The 3DS is dead, but Nintendo won’t actually say it.

This article originally appeared on June 11th, 2019, however with new information about Nintendo Switch Lite, we felt it important to update it with new details and repost it as a new entry.


Nintendo last week revealed its latest Switch console, appropriately dubbed “Nintendo Switch Lite” given its smaller, portable-only nature, as well as teased us with new looks at Luigi’s Mansion 3Pokémon Sword and Pokémon Shield, and The Legend of Zelda: Link’s Awakening at E3 just a month ago. All of the aforementioned games, as you may have guessed, are coming exclusively to the Nintendo Switch (and, by extension, the Switch Lite).

Nintendo Switch has been a smash success for them since its release in March 2017, and while it is indeed a hybrid device for portable and home console gaming, the Kyoto-based company also has a dedicated handheld that they seem to have completely forgotten about: Nintendo 3DS.

There was also the Nintendo 2DS, which brought a different form factor to the 3DS line and was targeted towards younger players with a lower price point, and a notable lack of 3D.

The company’s previous money-printing handheld (it’s sold over 75 million units worldwide), which debuted at E3 2010, has seen nearly a decade of great games, including mainline Pokémon entries, Zelda remakes, new portable Mario titles, and even 3D versions of games like PilotWings and a reimagined Kid Icarus.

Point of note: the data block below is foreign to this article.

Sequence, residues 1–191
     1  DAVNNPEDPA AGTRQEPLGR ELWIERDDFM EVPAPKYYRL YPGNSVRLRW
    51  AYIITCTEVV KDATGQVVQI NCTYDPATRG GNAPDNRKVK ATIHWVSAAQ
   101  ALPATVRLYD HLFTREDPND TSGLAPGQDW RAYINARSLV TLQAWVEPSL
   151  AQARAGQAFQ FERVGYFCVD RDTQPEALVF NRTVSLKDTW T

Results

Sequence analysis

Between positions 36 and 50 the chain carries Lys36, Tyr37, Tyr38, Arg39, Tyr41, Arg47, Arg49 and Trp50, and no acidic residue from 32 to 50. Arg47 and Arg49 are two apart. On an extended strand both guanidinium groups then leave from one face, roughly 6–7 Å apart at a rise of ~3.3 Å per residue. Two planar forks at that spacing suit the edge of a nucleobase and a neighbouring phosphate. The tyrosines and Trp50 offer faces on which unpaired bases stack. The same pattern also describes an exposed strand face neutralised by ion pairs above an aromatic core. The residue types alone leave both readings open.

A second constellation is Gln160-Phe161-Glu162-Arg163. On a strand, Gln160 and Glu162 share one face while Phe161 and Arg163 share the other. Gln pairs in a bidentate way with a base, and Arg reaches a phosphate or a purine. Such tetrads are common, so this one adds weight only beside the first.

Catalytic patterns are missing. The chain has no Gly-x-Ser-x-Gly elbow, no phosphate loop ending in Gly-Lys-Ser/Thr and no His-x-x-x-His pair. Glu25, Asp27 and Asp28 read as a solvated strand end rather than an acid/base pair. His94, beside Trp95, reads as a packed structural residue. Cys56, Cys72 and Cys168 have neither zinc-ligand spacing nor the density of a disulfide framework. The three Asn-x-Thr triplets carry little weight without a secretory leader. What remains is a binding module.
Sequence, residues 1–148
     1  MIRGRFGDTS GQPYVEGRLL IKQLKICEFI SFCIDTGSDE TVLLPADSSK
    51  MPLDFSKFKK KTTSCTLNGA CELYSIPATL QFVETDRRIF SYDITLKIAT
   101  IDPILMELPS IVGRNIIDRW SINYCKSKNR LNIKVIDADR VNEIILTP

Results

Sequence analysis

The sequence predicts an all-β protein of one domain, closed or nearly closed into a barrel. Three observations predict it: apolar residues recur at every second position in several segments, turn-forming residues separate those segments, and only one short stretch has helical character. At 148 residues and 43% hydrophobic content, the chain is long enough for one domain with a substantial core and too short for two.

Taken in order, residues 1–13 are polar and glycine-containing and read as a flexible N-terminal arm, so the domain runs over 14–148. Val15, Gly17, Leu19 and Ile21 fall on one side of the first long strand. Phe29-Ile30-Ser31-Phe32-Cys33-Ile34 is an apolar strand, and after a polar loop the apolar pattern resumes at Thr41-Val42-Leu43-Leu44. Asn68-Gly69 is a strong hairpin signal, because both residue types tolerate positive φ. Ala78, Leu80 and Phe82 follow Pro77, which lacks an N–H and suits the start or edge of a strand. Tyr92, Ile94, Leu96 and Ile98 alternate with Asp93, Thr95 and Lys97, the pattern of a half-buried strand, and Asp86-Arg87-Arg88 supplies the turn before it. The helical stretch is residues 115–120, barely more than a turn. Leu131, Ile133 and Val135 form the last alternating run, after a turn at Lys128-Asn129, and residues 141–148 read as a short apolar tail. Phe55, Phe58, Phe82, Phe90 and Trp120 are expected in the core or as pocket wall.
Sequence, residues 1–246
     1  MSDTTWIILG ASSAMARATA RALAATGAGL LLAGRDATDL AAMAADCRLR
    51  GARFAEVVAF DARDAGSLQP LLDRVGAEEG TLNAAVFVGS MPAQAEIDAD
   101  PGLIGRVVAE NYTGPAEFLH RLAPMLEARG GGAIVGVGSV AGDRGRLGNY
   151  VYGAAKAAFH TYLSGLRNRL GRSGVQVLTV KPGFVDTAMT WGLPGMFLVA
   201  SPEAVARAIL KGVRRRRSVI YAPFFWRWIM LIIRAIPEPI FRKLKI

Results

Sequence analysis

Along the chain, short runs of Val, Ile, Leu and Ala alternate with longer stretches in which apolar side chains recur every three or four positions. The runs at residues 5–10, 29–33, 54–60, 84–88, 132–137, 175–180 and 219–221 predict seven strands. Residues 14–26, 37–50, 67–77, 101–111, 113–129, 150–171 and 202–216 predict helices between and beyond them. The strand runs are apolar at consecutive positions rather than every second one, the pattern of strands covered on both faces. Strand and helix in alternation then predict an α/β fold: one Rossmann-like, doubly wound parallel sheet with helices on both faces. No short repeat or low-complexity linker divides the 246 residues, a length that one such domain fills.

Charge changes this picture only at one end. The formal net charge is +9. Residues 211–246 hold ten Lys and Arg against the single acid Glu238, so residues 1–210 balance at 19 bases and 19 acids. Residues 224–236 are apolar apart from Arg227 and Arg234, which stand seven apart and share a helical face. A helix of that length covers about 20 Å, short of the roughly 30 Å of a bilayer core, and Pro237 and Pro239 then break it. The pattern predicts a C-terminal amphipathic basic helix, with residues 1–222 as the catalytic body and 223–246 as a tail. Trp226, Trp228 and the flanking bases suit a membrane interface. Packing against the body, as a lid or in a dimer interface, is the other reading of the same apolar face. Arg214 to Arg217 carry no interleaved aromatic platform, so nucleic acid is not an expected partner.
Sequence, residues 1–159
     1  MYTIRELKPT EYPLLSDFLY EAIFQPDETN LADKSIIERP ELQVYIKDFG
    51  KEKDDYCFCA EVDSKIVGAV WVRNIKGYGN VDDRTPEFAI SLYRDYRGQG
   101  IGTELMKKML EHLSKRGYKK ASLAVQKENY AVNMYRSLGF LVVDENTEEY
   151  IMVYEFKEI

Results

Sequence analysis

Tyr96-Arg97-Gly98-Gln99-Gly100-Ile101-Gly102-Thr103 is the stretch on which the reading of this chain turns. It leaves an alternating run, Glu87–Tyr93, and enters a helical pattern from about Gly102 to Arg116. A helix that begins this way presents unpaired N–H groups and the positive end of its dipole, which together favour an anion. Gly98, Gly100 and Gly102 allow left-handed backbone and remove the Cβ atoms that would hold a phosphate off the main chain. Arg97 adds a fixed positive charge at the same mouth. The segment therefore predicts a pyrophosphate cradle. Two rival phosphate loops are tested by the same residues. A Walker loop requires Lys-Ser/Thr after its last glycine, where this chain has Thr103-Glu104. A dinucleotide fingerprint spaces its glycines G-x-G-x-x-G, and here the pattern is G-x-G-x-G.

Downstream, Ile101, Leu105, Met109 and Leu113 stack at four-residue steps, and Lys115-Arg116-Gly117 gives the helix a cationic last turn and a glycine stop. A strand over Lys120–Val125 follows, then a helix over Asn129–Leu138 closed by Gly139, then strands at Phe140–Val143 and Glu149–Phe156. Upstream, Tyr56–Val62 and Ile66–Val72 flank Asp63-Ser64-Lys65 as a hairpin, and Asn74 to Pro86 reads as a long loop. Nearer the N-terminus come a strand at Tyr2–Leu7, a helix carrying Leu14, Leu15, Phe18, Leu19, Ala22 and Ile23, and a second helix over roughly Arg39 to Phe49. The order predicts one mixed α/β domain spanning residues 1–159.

But with the Switch pulling console and handheld double duty, Nintendo has all but left the 3DS to languish. With nary a mention of the handheld at their Nintendo Direct E3 2019 presentation, it is clear that the 3DS is dying, if it can not already considered dead.

Of the 56 games recently released on Switch according to Nintendo’s website, only a single game–Sketchy Snowboarding–launched on 3DS, and there are zero upcoming titles in this category.

Naturally, if Nintendo does decide to officially kill the 3DS, nobody would call foul. It was released over eight years ago and with an install base of 75 million units, the company has seen quite a bit of success from the product line.

But even with those numbers, the Switch pulls focus away from a grossly-underpowered handheld that doesn’t offer much in the way of unique experiences that can’t be had on Switch. Even some of Nintendo’s recent games are not playable in 3D because they’ve just decided to omit the feature entirely.

So we just ask: Nintendo, send the 3DS off properly. Let us know that you’ve ceased production and what your plans are for bringing some of those games to Switch, because you know you’re already porting everything to the Switch anyway.

Nintendo Switch Lite may just have been the final nail in the 3DS coffin.